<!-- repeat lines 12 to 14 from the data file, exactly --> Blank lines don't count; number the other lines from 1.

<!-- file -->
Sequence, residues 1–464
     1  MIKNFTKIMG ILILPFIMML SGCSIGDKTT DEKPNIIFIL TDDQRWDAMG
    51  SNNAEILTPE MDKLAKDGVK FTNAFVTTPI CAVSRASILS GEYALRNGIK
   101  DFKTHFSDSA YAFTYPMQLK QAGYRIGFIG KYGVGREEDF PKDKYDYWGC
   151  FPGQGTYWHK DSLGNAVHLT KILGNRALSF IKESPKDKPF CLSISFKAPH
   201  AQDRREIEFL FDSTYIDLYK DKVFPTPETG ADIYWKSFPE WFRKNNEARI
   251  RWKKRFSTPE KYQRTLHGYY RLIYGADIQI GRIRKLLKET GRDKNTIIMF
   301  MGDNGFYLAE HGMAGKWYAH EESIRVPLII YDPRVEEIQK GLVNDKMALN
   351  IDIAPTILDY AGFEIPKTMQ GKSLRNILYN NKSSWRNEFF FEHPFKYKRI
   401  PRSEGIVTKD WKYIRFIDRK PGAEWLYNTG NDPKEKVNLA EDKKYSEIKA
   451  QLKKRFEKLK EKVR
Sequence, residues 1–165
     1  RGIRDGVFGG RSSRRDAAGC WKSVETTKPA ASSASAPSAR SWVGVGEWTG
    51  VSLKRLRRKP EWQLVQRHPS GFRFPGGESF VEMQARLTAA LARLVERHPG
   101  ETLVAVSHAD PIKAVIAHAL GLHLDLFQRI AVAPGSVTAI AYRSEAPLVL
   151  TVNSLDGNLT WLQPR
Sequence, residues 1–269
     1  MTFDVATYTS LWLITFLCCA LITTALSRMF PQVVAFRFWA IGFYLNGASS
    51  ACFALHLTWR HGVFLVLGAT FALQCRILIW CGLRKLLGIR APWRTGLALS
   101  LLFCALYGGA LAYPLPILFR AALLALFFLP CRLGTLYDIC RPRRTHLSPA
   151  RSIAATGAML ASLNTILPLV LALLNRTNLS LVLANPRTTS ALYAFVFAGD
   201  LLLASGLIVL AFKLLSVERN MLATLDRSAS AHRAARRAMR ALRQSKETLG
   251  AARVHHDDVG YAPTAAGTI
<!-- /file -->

Sequence, residues 1–165
     1  RGIRDGVFGG RSSRRDAAGC WKSVETTKPA ASSASAPSAR SWVGVGEWTG
    51  VSLKRLRRKP EWQLVQRHPS GFRFPGGESF VEMQARLTAA LARLVERHPG